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FINANCIAL NEWS

Tax season 2023: what has changed from the previous year?

The IRS has new information relating to the upcoming tax filing season. Here’s what’s new for taxpayers to consider before they file next year.

Tax season 2023: what has changed from the previous year?
MANDEL NGANGetty

While there are no sweeping changes to the tax system this year, it is worth keeping abreast of what changes have been put into place so that there are no shocks for you when you get your tax return.

Changes to important dates

  • 23 January: IRS begins 2023 tax season and starts accepting and processing individual 2022 tax returns.
  • 27 January: Earned Income Tax Credit Awareness Day to raise awareness of valuable tax credits available to many people – including the option to use prior-year income to qualify.
  • 18 April: National due date to file a 2022 tax return or request an extension and pay tax owed due to the Emancipation Day holiday in Washington, D.C.
  • 16 October: Due date to file for those requesting an extension on their 2022 tax returns.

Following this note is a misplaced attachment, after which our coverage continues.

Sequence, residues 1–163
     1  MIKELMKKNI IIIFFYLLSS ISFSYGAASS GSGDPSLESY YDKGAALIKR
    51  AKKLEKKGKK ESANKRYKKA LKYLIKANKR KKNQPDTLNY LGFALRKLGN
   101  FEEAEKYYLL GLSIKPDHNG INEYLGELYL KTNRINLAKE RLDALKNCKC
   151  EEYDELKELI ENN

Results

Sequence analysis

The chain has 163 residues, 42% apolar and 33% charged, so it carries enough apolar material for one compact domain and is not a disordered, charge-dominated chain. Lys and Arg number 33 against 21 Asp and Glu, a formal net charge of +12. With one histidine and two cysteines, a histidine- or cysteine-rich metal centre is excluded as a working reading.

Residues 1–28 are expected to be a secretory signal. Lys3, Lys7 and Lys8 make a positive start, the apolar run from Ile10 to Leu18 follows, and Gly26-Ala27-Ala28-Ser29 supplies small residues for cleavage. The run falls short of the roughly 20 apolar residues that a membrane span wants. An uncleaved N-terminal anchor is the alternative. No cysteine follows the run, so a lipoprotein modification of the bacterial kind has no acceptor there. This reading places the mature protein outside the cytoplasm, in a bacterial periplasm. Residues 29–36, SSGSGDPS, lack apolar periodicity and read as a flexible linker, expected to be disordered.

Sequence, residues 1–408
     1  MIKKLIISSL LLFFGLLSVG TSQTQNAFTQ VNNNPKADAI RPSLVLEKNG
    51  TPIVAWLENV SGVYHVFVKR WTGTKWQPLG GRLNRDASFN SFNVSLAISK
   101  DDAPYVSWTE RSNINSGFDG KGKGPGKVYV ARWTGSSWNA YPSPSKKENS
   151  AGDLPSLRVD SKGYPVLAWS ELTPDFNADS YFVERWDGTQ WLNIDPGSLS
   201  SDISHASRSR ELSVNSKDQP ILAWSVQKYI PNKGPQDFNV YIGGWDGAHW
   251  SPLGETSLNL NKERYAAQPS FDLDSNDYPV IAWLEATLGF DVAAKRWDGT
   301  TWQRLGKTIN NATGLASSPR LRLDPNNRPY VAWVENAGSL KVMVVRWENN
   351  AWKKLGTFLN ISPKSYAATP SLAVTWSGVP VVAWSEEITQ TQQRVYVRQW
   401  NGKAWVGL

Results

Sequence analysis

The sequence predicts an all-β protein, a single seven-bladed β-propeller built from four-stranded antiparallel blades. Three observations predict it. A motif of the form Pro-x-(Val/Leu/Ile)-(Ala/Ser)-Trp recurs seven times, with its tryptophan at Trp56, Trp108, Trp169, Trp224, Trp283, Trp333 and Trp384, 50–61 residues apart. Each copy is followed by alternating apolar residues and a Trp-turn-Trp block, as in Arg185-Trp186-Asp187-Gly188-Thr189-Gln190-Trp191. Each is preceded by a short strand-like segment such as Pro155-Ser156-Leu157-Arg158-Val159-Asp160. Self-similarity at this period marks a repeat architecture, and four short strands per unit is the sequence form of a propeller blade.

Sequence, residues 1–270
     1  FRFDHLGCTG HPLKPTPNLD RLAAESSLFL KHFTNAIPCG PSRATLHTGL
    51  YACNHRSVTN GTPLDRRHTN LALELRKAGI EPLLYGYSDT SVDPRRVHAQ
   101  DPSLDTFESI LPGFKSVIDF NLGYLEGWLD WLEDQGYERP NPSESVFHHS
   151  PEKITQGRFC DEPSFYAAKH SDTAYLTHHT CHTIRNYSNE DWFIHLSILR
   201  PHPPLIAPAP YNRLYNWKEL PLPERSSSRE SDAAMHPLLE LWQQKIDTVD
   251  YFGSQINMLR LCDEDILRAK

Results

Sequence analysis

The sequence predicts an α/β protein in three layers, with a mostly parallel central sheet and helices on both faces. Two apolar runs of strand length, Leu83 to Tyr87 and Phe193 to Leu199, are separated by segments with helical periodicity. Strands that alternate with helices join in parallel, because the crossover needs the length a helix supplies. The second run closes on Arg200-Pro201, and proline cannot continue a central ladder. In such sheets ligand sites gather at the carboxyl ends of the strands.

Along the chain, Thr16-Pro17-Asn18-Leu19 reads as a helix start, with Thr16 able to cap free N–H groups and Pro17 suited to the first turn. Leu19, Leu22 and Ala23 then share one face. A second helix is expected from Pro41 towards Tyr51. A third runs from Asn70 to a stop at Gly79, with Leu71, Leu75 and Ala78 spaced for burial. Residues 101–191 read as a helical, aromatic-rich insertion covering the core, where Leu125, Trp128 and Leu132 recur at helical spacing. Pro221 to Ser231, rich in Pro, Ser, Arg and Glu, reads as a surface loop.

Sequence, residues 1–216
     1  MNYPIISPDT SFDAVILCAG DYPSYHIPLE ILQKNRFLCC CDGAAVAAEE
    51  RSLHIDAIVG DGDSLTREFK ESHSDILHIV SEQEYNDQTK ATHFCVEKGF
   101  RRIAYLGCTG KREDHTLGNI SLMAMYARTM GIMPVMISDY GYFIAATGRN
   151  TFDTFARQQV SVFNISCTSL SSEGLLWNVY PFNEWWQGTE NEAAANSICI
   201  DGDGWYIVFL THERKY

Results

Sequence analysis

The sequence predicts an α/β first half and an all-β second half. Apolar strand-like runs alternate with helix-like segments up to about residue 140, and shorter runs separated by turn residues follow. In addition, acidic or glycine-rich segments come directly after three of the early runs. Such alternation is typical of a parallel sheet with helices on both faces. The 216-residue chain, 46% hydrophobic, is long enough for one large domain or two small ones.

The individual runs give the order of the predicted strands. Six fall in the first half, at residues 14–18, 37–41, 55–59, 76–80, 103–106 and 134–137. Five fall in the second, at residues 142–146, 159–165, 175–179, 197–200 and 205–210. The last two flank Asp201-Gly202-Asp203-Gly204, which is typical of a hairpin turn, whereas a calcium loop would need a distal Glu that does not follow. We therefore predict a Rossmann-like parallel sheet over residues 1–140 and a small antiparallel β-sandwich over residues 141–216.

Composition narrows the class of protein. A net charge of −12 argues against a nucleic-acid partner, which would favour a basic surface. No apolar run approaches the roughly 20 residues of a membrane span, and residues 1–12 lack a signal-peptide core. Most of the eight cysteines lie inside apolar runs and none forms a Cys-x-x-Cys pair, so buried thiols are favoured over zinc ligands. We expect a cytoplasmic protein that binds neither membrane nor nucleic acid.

Changes to the standard deduction

The term ‘standard deduction’ is the earnings threshold below which you will not have to pay tax on your income. This either means that you can reduce your tax bill, or it could free you from income tax entirely.

The standard deduction increases in 2023 is $13,850 for single filer or married but filing separately, $20,800 for head of households and $27,700 for married taxpayers filing jointly.

Expect less refunds

The IRS has already come out and said that there will be fewer refunds sent out due to less tax breaks and federal support programmes last year compared to 2021 and 2020. As the government has chosen to wind down its pandemic-related support the amount of extra tax breaks available has shrunk.

The average refund for the last tax season was $3,176, which is nearly 14 percent more than the average for a year earlier according to IRS figures.

Changes to the Child Tax Credit

The amount of the Child Tax Credit increased for the last tax year to $3,600 as the American Rescue Plan came into effect. However, Congress failed to pass an extension and the CTC will, if parents are still eligible to file, get $2,000 for the 2022 tax year.